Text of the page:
- Page 1 Huawei Vision Review
- Page 2 Screen, Camera and Value Review
- 1GHz Snapdragon processor
- 2GB ROM
- 3.7in 480x800 pixel screen
- Android 2.3 Gingerbread OS
The Vision is Huawei’s second own-brand phone, following the Blaze. This is a more upmarket handset, but will it be able to lure folks away from HTC’s offerings when you’ll have to fork out for a £25-a-month contract to get the handset gratis?
Huawei’s Vision makes a great first impression. Its unibody aluminium design may be similar to 2010’s HTC Legend in style, but unless you’re out for originality, this is no bad thing. The front is glossy black, and the back is anodised metal apart from black plastic sections at the top and bottom.
Although not in the running for slimmest smartphone around, at 9.9mm (at the thinnest point) it feels compact, dense and strong. This is a major upgrade over the Huawei Blaze. To add to the sense of quality, the screen’s glass coating is slightly curved. We’ve heard varying opinions on the usefulness of curved screens, from their comfort factor to their ability to reduce reflections, but whatever your view, it certainly feels nice.
Its body can compete with HTC’s best, but excellent build quality is nothing new in mid-range smartphones. Just looking nice isn’t quite enough to secure the Huawei Vision mainstream popularity.
The mainstream is where Huawei’s looking though. There are no geeky extra features here – no HDMI output, no 3D screen and no top-end processor. What it wants to offer is a high-end feel at a mid-range price. And what’s wrong with that?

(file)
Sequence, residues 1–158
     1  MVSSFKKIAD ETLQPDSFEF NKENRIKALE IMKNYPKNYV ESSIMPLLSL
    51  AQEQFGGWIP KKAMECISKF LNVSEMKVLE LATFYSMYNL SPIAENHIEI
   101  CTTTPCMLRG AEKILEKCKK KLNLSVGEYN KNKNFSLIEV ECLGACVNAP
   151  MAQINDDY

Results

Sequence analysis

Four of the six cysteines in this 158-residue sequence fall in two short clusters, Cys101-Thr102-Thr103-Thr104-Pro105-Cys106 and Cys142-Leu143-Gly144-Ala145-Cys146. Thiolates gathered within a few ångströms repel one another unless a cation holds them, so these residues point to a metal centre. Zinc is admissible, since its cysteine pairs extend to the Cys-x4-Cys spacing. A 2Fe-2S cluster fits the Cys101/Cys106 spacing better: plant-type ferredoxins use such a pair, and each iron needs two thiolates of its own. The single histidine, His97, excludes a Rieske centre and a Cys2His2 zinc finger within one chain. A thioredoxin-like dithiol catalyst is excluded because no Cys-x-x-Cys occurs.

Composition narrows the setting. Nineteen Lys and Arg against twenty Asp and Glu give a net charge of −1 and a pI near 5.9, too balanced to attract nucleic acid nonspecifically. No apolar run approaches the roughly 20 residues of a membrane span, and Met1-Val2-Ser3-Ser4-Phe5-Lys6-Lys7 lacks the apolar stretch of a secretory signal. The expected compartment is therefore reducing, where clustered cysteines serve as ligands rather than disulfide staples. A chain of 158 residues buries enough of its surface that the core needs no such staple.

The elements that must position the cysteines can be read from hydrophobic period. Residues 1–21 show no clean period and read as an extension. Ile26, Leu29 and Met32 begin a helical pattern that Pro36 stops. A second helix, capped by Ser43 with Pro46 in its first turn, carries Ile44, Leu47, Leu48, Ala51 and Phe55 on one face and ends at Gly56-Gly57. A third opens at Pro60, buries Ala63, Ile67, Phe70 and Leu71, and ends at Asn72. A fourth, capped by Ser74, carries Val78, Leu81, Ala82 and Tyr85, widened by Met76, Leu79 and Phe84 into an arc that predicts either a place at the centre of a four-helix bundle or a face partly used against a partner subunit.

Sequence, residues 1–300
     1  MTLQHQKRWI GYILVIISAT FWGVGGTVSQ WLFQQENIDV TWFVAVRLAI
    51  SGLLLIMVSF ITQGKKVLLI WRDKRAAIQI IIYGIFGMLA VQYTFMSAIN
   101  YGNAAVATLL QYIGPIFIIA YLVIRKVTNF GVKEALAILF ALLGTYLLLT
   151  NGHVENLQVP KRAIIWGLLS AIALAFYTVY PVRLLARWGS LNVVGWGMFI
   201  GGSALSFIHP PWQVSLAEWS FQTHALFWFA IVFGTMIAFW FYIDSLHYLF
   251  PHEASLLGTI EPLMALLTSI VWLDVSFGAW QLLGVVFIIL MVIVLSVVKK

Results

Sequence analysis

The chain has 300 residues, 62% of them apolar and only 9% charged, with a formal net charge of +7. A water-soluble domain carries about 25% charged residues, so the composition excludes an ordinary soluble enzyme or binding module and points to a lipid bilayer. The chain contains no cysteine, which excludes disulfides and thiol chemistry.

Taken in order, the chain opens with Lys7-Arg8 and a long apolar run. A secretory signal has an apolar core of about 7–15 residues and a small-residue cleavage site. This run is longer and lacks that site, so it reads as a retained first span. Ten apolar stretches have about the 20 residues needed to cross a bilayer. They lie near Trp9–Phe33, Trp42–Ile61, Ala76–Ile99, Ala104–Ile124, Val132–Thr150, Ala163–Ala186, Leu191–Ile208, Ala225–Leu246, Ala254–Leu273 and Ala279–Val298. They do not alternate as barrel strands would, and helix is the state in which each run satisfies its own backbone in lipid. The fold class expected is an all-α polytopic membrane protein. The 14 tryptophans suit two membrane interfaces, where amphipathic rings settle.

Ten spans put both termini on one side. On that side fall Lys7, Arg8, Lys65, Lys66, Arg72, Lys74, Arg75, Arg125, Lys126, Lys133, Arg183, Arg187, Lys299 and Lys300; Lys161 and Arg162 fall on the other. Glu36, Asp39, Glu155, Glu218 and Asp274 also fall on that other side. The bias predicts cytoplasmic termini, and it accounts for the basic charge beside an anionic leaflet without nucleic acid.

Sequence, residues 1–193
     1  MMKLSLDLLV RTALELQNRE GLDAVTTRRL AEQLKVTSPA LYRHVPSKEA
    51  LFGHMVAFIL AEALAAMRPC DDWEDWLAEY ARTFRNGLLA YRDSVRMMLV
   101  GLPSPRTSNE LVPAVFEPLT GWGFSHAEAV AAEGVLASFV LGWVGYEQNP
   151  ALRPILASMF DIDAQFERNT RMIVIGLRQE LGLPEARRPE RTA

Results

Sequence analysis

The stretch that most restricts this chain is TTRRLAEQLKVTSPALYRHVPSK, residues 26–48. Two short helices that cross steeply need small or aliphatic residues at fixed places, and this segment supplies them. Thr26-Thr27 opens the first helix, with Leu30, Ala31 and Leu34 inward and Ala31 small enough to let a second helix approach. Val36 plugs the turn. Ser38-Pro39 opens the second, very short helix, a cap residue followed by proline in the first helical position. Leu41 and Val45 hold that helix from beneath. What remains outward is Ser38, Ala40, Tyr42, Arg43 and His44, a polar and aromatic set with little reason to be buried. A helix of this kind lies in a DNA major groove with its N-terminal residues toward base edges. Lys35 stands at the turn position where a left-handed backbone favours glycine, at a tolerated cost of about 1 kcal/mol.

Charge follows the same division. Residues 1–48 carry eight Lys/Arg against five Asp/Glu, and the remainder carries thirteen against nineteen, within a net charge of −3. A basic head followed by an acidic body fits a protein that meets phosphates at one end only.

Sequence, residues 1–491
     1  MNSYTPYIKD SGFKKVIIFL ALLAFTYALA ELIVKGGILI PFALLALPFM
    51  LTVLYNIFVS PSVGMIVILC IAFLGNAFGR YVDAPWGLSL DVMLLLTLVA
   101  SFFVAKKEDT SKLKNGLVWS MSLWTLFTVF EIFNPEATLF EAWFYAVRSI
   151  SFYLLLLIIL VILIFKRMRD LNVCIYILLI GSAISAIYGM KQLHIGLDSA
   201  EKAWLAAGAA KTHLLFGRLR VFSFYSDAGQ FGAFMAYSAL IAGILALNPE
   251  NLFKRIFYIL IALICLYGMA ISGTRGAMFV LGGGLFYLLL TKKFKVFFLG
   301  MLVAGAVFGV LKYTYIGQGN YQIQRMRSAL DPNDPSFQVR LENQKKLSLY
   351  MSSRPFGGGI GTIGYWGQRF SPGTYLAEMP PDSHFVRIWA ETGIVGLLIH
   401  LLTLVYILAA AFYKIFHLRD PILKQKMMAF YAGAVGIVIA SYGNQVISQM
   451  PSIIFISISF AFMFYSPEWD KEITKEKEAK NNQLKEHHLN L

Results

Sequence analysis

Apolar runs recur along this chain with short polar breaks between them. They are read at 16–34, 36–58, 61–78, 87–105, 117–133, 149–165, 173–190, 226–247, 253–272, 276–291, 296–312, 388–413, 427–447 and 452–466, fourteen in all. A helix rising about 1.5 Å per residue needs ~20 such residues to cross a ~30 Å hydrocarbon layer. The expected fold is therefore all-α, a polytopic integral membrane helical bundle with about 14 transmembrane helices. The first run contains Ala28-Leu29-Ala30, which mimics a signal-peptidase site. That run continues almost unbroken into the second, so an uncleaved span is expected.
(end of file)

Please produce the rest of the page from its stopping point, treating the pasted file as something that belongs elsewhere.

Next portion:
It runs Android 2.3 Gingerbread, has 2GB internal memory, a 1GHz Snapdragon processor and a 3.7in screen. The Vision could have been a top-end Android back in 2010. Think of it as an original HTC Desire for the 2012 crowd not willing to spend £35 a month for a mobile and you’re on the right track.
Here’s the custom Flickr home screen
It’s classy and sensible in most respects, but one of its top features is the custom user interface Huawei has plastered over Android 2.3. Rendered in 3D, it lets you flick through an array of home screens designed by Huawei. It’s ambitious as far as custom Android UIs go, but it misses the point of home screens altogether.They are there to let you do a few things quickly, not everything your phone has to offer in a slightly more visually fancy manner.
The look of the interface isn’t a patch on HTC Sense either. It’s a bit too angular and too busy. Huawei needs to learn the “less is more” motto before it’ll stop us from using custom launchers on its phones, wiping out their additions.
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